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Notes on Blindness

In 1983, after years of deteriorating vision, the writer and theologian John Hull lost the last traces of light sensation. For the next three years, he kept a diary on audio-cassette of his interior world of blindness. This film is a dramatization that uses his original recordings.

The Story Behind ‘Notes on Blindness’

In May 2011, we received a parcel containing a dusty box of eight C90 cassettes. Amid the analog crackle of the first tape, we heard a now-familiar voice: “Cassette one. Side one. Notes on Blindness.” It was the first time the recording had been played for almost 25 years.

We had met John and Marilyn Hull six months earlier while filming a short documentary about the blind experience of snowfall. Among the many first-person testimonies we had encountered during our research was John’s book, “Touching the Rock.” We were immediately struck by the depth of his observation and the power of his account. Naturally, we were eager to discover whether the diary tapes upon which the book was based were still in existence, and were honored when John was generous enough to share them with us.

John developed cataracts at the age of 13, which left him blind for months at a time. The restoration of his sight was followed by a series of retinal detachments. After a number of operations, in 1980, at age 45, John’s vision was so poor that he was registered blind. He and Marilyn were newly married and she had just given birth to a son, Thomas. John was working as a lecturer at the University of Birmingham, England, and he recalls that this initial period was dominated by the practical challenges of adaptation, which left little time for reflection.

It wasn’t until 1983, when John had lost the final traces of light sensation, that he began to confront the enormousness of this loss. “I knew that if I didn’t understand it,” he now recalls, “blindness would destroy me.” In June of that year John made his first diary recording.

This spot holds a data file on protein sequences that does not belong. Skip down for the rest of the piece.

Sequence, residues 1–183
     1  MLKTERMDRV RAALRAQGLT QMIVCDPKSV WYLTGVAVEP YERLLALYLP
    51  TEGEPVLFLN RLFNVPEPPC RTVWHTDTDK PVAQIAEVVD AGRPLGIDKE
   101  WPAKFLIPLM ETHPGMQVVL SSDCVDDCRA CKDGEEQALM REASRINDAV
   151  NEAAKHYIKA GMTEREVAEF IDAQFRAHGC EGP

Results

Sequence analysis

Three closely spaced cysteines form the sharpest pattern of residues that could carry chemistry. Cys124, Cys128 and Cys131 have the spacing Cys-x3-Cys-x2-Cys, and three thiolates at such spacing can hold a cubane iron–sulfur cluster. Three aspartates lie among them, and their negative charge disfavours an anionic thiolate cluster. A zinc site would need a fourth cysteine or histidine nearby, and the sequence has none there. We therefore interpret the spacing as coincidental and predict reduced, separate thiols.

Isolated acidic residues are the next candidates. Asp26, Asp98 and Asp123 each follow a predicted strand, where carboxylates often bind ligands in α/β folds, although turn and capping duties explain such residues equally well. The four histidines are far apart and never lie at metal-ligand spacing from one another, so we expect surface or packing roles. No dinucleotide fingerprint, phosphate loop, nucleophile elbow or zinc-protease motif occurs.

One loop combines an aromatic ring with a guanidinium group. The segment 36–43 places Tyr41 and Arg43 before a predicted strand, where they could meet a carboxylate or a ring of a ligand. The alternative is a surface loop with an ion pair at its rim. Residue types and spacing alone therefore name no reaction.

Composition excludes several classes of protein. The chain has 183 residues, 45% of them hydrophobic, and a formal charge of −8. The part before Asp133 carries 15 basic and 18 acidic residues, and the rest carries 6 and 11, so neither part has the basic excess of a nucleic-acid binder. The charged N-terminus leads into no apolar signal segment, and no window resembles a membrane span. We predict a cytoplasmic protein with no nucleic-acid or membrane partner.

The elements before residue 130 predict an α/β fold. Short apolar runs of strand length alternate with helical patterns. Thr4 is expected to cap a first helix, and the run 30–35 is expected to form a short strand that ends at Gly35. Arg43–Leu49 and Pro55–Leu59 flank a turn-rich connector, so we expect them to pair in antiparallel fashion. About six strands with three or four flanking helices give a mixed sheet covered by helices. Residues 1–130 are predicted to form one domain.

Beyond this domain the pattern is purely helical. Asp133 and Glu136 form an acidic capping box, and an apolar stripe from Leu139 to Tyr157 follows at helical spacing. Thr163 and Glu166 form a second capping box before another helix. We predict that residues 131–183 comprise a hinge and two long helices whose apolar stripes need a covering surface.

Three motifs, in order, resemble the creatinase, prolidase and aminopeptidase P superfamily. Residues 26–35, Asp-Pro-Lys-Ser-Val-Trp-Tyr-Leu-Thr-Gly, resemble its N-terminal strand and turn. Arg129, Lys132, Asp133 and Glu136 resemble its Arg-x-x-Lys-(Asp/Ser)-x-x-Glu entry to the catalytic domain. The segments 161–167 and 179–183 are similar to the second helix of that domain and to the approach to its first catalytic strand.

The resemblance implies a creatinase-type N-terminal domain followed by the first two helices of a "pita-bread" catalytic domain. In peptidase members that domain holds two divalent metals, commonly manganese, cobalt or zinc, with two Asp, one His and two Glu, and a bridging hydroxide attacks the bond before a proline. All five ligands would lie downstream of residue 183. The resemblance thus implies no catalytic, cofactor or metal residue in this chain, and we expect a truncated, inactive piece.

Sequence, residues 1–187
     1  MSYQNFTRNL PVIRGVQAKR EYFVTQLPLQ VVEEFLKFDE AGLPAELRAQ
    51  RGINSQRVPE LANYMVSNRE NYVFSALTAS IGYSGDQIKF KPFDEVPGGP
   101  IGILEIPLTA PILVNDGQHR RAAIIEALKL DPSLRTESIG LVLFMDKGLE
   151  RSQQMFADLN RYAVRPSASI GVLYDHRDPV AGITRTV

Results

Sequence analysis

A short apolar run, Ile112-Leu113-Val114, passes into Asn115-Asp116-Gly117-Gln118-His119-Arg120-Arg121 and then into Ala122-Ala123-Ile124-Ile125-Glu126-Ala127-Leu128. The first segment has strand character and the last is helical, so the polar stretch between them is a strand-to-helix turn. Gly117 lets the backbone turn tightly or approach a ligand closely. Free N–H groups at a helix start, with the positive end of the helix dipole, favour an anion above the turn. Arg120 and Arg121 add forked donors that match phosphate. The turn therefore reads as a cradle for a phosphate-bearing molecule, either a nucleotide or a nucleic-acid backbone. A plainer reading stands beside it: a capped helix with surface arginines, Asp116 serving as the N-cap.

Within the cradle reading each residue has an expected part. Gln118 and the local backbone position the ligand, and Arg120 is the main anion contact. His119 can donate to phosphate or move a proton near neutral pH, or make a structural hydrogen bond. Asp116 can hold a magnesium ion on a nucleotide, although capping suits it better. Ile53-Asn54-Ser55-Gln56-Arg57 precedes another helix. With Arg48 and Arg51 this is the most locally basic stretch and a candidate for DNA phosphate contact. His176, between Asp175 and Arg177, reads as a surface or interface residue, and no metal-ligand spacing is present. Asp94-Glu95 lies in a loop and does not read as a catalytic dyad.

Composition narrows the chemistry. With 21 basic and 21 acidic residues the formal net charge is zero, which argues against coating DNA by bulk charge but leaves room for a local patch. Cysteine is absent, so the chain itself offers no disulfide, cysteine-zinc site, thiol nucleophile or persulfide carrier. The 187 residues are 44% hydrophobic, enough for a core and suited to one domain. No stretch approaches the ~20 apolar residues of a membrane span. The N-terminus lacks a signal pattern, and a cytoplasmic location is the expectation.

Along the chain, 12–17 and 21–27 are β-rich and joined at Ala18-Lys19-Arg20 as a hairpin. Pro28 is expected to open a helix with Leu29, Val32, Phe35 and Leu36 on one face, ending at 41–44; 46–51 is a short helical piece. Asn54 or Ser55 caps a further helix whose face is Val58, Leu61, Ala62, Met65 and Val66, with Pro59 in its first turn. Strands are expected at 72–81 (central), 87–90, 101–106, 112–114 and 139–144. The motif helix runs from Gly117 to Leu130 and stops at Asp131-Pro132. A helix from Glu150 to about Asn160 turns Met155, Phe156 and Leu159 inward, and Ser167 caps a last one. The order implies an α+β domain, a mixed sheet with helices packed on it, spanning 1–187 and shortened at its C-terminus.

“The world into which I am being dragged with my loved ones will engulf us. There will be no return. Blindness is permanent and irreversible... My life is in crisis.”

Over the next three years John recorded over 16 hours of audio diaries, excavating the interior world of blindness. They document a purging period of grief, but eventually of renewal, in what John describes as the discovery of a “world beyond sight.”

Throughout this time, the diaries are characterized by a restless, searching gaze. And here our phrasing becomes problematic — insight, gaze, observation. One of the great tensions of the work is that it is constantly working at the limits of expression, straining language dominated by visual referents and imagery. Yet it is at these moments that the account is at its most poetic: The Los Angeles Times, in its review of John’s book “Touching the Rock,” described his “talent for — in the words of the blind poet John Milton — making the ‘darkness visible.’” As filmmakers, too, we found that approaching this material in a visual medium was a partly paradoxical enterprise.

Translating John’s Hull’s Audio Diaries to the Screen

John’s original audio recordings form the narrative backbone of the film. We also hear Marilyn’s voice, taken from a BBC interview from the early 1990s. These documentary sources are supported by cinematic interpretations using actors, visual metaphor and textured sound design. The audio recordings are employed in several ways: as straightforward narration; as dialogue; and in certain instances as verbatim speech, lip-synced by our cast.